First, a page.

My immediate reaction to the Google Pixel 4 was disappointment. While it offers a series of firsts for the Pixel range – two rear cameras rather than one, a Snapdragon 855 processor, a 90Hz screen, even radar-sensing gesture controls – there was still no immediate sense that it had jumped ahead of its rivals.
That’s despite a new design. Google has ditched the two-tone look of its previous three generations of Pixels, instead opting for a simple single-tone colour scheme available in “Just Black”, “Clearly White” and “Oh So Orange”. Each is surrounded by a curved, textured black trim, with a coloured power button and volume rocker on the right edge. There’s no notch, either; instead, the 8MP selfie camera and earpiece speaker are located inside a chunky forehead bezel.
The Pixel 4 is sandwiched between protective layers of Gorilla Glass 5, rated to the IP68 standard. The new rear camera module is distinctly iPhone-like, with the two cameras, infrared sensor and dual-LED flash arranged in a diamond pattern.
The dual front-facing speakers also reappear, and there’s still no 3.5mm headphone jack. This isn’t normally much of a problem, but miserly Google has decided not to include an adapter in the box this year. There’s also no fingerprint sensor, but you can still unlock the Pixel 4 with your face, or with a PIN or pattern lock.
That would be bearable if it weren’t for the security vulnerabilities of the face recognition. My review unit failed to register my face on several occasions, especially with my glasses off, and sometimes forgot the face data entirely, forcing me to go through the process of setting it all up again. But the biggest problem is that you can unlock the phone with your eyes closed. So someone could grab the phone while you’re asleep – or unconscious – and access all your data. Google says there’s a fix in the works, but until then use a PIN, pattern or password lock instead.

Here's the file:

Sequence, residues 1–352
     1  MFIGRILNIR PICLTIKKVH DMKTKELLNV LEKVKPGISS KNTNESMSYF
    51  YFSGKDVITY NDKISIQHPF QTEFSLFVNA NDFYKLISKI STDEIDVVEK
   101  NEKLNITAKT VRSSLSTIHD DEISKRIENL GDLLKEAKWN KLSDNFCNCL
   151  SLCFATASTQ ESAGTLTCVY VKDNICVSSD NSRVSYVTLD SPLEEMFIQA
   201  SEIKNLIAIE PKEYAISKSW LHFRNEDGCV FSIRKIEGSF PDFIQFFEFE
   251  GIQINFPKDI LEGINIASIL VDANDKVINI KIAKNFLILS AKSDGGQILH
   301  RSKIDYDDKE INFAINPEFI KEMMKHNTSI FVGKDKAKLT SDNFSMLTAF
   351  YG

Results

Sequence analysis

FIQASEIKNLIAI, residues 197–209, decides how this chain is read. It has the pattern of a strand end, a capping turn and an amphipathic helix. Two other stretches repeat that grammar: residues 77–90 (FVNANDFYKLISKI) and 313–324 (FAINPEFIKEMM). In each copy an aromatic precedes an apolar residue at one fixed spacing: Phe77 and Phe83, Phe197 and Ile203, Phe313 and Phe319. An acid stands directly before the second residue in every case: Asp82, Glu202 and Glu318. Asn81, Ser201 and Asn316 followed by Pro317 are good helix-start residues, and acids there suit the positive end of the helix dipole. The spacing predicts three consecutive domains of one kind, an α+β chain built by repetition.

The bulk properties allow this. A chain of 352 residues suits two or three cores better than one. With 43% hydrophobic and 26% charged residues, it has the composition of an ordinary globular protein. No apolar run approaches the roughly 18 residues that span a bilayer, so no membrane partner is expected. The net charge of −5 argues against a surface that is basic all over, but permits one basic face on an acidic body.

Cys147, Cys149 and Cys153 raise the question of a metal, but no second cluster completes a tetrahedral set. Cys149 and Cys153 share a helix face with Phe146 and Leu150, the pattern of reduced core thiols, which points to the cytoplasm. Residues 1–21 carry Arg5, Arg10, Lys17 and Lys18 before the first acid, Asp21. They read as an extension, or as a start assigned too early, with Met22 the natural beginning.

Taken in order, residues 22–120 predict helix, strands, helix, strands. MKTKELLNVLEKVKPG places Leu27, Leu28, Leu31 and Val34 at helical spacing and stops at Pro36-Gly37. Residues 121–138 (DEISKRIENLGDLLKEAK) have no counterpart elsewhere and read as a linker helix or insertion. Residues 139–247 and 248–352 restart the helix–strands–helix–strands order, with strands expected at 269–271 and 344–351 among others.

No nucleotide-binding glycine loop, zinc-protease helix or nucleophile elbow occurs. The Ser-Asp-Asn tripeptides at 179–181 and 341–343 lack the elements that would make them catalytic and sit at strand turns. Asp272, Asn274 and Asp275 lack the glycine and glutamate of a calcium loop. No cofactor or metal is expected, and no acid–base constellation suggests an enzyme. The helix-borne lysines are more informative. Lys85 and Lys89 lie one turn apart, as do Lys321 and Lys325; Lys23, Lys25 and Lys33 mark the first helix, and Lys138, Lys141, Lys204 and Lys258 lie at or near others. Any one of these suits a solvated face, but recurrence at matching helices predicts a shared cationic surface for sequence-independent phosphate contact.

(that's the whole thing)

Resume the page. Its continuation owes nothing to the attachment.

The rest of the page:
On a happier note, the Pixel 4’s 90Hz OLED screen is excellent. While an average Delta E of 1.4 and sRGB coverage of 90.5% aren’t the best figures ever, they show you can trust the screen’s accuracy in its Natural colour mode. I don’t advise switching to Boosted or Adaptive settings, as these reduced accuracy and produced garish, candy-looking colours.
Screen brightness peaked at 430cd/m2 in automatic brightness mode, promising readability in most sunny environments in the UK, although you might be squinting at your Facebook or Twitter feeds if you jet off somewhere more exotic. Suffice it to say, this is a screen that’s very good for watching YouTube videos and playing games, although if HDR playback is your secret love then the iPhone 11 Pro’s Super Retina XDR display is far superior: scenes in Netflix’sMarco Polo series look dark in comparison when first played on the iPhone and then the Pixel 4.
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